To your success,

Kevin Neeld

P.S. If you haven’t already, check out Mike Boyle’s most recent release, Functional Strength Coach 4!

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Kevin Neeld

Kevin Neeld Knows Hockey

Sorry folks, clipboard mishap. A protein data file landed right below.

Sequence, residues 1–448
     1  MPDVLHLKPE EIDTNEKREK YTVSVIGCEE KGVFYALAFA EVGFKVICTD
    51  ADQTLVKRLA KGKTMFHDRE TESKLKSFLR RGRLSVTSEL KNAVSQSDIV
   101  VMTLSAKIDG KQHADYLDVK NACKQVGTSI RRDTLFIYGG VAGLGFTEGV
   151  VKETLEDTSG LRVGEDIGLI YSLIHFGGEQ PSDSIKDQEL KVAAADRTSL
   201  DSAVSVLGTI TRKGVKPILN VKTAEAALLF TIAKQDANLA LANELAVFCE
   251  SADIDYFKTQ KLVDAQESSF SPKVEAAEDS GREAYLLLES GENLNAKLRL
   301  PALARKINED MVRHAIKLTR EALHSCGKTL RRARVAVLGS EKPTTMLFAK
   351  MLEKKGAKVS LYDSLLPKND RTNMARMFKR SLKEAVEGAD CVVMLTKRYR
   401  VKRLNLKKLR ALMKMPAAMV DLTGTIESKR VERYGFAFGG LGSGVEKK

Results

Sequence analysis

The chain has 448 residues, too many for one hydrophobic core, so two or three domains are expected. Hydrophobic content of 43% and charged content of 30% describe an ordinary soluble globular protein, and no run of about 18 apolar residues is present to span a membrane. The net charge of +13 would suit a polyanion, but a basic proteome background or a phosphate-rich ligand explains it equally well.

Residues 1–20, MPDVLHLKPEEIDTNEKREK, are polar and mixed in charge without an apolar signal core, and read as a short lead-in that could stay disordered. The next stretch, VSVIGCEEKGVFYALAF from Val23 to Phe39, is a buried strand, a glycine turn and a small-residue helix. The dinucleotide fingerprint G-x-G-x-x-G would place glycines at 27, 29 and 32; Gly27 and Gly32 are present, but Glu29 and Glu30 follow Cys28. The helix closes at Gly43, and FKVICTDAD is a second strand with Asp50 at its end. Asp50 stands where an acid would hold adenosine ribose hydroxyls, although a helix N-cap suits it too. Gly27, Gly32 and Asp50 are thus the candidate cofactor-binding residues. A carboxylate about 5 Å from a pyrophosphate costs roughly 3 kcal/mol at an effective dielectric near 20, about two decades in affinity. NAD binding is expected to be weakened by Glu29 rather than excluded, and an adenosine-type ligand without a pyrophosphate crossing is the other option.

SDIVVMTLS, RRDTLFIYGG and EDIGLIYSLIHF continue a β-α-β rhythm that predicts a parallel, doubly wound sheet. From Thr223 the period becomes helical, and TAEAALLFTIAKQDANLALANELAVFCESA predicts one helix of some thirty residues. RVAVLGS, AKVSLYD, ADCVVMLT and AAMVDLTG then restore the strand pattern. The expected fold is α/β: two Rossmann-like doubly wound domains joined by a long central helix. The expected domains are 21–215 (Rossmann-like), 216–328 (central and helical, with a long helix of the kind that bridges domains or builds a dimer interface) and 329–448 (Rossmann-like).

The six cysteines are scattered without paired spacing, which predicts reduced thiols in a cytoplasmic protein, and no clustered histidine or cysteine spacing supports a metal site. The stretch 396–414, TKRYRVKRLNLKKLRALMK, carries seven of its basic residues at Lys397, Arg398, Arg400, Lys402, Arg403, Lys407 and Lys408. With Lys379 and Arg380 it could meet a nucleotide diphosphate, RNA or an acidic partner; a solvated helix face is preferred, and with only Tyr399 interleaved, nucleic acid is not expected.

Kevin has rapidly established himself as a leader in the field of physical preparation and sports science for ice hockey. He is currently an Assistant Strength and Conditioning Coach with the San Jose Sharks. Prior to San Jose, Kevin spent the last 7 years as the Director of Performance at Endeavor Sports Performance in Pitman, NJ, the last 3 of which he was also the Strength and Conditioning Coach and Manual Therapist for the Philadelphia Flyers Junior Team. Kevin also spent 5 years as a Strength and Conditioning Coach with USA Hockey’s Women’s Olympic Hockey Team, and has been an invited speaker at conferences hosted by the NHL, NSCA, and USA Hockey .